The humble potato, how do we love thee? Frankly, we love thee in all your forms, and there are just so many! Similar to onion and garlic, which hold myriad options in the kitchen, potatoes can be prepped and cooked in a number of ways. Boiled, sautéed, roasted, fried…the opportunities for the simple spud are endless. So, we’ve compiled some of our favorite methods—in much-loved Plated recipes, of course, to remind you just how special this starchy, tuberous crop really is.
One interesting factor about the potato is that the way in which it is cut really does make a difference to the end result. Consider the fry: the difference between home fries, French fries, and steak fries—it’s not only about the way they themselves are cooked, but also about the thinness and shape of the slicing.
One of our favorite ways to use sliced potatoes is the classic French cooking technique, au gratin, which means, most commonly, baked with cheese and breadcrumbs in a sauce. In this recipe, we slice the potatoes into .25-inch rounds, par-bake them (partially baking means that we start the cooking process a little early so the starchy potatoes will be cooked through in the gratin), then layer them with roasted zucchini, cheese, and a Provençal tomato sauce.
Cutting the potato into a dice makes for a smaller surface area and a quicker cook time. In a twist on breakfast for dinner, we’ve combined fennel, chopped potato, asparagus, and peas into a veggie-forward hash that accompanies homemade breakfast sausage.
It seems there are crispy potato pancakes in many different cultures, from Indian pakoras to Swedish raggmunk to the irresistible Jewish Hanukkah treat: the latka. Inspired by her family recipe, Chef Michelle created this version featuring grated potatoes combined with flour and egg, all fried to crisp perfection.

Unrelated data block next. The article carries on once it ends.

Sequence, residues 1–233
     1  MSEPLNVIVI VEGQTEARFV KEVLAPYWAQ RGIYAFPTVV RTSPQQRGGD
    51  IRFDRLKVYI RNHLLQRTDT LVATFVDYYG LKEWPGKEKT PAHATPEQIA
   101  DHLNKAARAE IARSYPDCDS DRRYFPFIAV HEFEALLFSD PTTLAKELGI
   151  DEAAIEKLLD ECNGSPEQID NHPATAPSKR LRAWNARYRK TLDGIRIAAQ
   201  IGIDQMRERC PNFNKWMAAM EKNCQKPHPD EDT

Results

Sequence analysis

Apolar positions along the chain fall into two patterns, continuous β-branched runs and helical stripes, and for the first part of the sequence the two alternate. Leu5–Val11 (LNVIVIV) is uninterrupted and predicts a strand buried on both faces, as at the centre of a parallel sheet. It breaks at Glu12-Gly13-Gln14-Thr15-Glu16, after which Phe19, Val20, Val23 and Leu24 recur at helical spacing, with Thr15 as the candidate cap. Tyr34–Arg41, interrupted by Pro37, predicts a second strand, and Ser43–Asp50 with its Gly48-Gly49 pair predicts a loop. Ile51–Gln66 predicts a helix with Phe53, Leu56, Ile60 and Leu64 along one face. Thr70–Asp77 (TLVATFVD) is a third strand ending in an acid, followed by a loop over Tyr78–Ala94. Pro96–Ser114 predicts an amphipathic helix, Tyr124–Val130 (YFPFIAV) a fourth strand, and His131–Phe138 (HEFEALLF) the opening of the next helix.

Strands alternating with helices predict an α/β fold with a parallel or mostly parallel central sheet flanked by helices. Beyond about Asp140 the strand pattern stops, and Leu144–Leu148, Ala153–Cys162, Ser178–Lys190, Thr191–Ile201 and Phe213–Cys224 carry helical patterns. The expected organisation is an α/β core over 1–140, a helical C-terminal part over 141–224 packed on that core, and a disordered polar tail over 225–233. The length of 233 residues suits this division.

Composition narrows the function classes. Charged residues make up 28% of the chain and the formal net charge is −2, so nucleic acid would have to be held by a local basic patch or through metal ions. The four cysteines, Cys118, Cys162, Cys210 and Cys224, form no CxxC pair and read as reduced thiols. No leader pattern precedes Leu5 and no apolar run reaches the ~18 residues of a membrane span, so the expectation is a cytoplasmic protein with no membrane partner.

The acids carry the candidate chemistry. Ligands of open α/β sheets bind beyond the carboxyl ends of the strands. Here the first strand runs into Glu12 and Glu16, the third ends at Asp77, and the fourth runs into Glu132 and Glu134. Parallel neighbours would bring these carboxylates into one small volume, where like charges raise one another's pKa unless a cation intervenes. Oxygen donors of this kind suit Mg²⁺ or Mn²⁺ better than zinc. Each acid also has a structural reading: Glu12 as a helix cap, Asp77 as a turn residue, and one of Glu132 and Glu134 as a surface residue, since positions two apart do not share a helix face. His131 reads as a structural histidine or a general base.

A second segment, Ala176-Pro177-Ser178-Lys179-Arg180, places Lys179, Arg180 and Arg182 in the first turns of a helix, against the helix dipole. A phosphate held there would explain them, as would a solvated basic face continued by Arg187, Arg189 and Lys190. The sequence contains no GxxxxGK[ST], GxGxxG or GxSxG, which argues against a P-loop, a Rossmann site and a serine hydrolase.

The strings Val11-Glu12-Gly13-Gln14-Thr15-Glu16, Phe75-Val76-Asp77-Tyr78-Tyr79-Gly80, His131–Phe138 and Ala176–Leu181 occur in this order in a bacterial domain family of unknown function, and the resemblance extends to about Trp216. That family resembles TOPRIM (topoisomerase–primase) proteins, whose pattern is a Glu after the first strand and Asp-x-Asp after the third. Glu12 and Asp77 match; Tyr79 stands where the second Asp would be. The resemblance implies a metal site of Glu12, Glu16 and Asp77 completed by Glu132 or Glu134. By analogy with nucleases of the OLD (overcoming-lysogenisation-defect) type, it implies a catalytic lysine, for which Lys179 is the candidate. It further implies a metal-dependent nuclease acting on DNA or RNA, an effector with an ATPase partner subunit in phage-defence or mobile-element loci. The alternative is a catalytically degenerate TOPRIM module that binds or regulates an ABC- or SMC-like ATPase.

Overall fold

Boiling potatoes is probably the easiest, most hands-off cooking method, as you simply drop them in a pot, cover with two inches of water, and boil away. Boiling potatoes makes for a nice soft inside, and is a great hearty addition to salads, like this salad Niçoise with crispy, melty Feta cheese. Boiled potatoes also keep well in the fridge for a few days, unlike other cooked potatoes.
Even though we usually prepare our fries in the oven, we definitely appreciate the super crunchy outside and soft inside of a fried potato. We’ve got even more latke recipes to hone those potato-frying chops…
Cooking potatoes in a pan makes for a nice crisp outside, and in this recipe for Brussels sprout home fries, we employ not one but two cooking methods: boiling and sautéing! Boil first, sauté later.
We’ll let you in on a little secret: French ‘fries’ can be made just as delicious (and a little lighter), by baking. We love to oven-roast our Fries and find them perfectly crisp and not overly greasy. Pro tip: space them out on the baking sheet so they crisp instead of steam. We also bake our gratins, like this creamy kale and sweet potato version.
We’re firm believers that few things are as comforting as mashed potato. First, we boil the potato until cooked, then add in some cheese, butter, and milk or cream, then mash until smooth. Who can resist?
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